On the second issue, pay and bonuses at the banks which are taxpayer supported—I think there is a question as to whether a more robust approach could have been taken not just on risk but on the overall level of pay too. But that is an issue for the government as shareholder not the FSA as regulator: we have no legal power to impose different requirements on different banks according to who owns them. The third question however is the really fundamental one. It is whether the overall level of financial services pay is a consequence of the swollen financial sector which has resulted from oversimplistic financial deregulation. This is not a question that any of the politicians have focused on but I think it’s an important and legitimate issue of public concern. The question is, what if anything can be done about it? If it wanted to parliament could pass a law directly regulating pay in banks—you cannot get paid more than £x per annum. But in a global economy it would be totally unenforceable—people nominally employed in Frankfurt while working in London, people self-employed on consulting contracts not as employed staff, and so on. If you want to stop excessive pay in a swollen financial sector you have to reduce the size of that sector or apply special taxes to its pre-remuneration profit. Higher capital requirements against trading activities will be our most powerful tool to eliminate excessive activity and profits. And if increased capital requirements are insufficient I am happy to consider taxes on financial transactions—Tobin taxes, after the economist James Tobin. Such taxes have long been the dream of the development economists and those who care about climate change—a nice sensible revenue source for funding global public goods. The problem is that getting global agreement will be very difficult. But at least proposals for special financial sector taxes, with increased capital requirements, address the issue of excessive profits and therefore have some chance of doing something about it. Insisting that someone “does something” about bonuses, by contrast, is a populist diversion.
Woolley If we agree that agents in the financial sector are capturing too much of the productive economy’s return then surely part of the solution is in educating the principals, the pension funds and so on, to make the agents deliver longer term investment strategies with less dealing for the agents’ own sake.
Tett It’s a complete pipedream to think that the principals are suddenly going to change their ways. Basically at the moment you have an exceptionally well organised “sell” side of the business which has captured the intellectual framework for decades—they’re very well organised, they have all the critical PR machines, they’ve dominated the political process. And then you have an utterly fragmented “buy” side, which is completely powerless and is ripped off the whole time in the wholesale markets, and does nothing about it, it’s astonishing. The pension funds are so dumb and fragmented, they’re not going to protect their own interests, the FSA is going to have to be interventionist and protect the end interests of the people who supply the money—the pensioners.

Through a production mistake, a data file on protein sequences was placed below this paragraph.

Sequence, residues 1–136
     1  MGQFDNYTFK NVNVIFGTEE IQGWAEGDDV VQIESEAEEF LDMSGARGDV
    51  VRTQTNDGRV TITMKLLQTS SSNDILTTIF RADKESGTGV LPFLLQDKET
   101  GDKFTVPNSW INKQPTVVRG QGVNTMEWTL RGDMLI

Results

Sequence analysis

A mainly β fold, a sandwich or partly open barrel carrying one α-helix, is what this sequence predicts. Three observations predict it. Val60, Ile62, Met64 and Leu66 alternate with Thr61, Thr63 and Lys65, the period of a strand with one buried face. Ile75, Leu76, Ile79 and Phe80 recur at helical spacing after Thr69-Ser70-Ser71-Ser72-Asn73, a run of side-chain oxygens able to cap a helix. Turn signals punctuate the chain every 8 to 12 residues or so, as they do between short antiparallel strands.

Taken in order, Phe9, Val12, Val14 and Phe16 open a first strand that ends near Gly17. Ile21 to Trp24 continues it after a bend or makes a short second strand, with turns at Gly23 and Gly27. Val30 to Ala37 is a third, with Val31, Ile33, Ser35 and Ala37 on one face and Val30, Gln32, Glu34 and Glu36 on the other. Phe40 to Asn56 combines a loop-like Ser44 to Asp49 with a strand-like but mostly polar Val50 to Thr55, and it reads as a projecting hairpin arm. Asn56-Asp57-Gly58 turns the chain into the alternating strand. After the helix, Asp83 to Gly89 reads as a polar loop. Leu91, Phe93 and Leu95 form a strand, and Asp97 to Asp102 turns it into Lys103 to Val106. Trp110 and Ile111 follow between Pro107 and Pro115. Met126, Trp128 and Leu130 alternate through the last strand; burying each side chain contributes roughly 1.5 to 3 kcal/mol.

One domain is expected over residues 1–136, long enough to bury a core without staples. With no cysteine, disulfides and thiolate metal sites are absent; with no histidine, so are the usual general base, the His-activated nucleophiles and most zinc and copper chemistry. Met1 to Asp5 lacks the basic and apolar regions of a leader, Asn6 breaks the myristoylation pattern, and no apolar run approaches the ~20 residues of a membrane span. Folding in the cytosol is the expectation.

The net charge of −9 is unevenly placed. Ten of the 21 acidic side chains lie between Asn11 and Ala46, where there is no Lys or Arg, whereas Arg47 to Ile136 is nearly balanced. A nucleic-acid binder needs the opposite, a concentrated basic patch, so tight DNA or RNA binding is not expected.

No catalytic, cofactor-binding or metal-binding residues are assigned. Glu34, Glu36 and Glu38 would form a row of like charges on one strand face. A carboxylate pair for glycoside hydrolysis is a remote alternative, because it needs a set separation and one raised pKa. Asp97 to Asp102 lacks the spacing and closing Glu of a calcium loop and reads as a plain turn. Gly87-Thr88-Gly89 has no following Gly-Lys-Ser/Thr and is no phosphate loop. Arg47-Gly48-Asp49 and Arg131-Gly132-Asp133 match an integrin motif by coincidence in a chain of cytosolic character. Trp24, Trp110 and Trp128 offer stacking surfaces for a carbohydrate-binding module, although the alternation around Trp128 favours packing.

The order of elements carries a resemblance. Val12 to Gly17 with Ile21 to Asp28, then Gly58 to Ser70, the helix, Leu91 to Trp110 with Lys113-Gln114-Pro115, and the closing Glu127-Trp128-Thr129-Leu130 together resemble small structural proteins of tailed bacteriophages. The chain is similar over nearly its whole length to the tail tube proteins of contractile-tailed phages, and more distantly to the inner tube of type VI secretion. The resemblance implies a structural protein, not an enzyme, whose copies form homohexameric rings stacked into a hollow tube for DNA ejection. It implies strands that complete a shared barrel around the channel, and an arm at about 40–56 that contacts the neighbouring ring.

Turner If we do agree that there is a problem about the size of the financial sector, and the degree of profit extraction, it is expecting an awful lot of a regulator to then sit down and redesign the entire financial system to create better value added for society. But maybe that is partly how we have to see this. In any case it’s not straightforward and it’s quite difficult to know where the points of intervention are. I have spent the last year focusing on the instability of the banks and investment banks. When I was working as chairman of the pension commission (2003-06), I was then focusing on the issue of very large middlemen costs in pension provision, at both retail and wholesale level. And the commission concluded that it was impossible to reduce these by market regulation and that the best way to proceed was to take it out of the private system altogether. We ended up believing that there was a slice of activity there to which the answer was not a private regulated market of any sort but rather a national funded pension scheme that essentially socialised the retail part of the distribution chain. Previously the government had been trying, through the stakeholder pension proposals, to create a product sufficiently simple that it could be sold at low margins but it didn’t work. Obviously we’re not going to decide that the whole financial system should be socialised because the alternative, which is the Soviet banking system pre-1989, also has its problems to put it mildly, but I think we have to realise that this is what we’re struggling with, where markets work and where they don’t.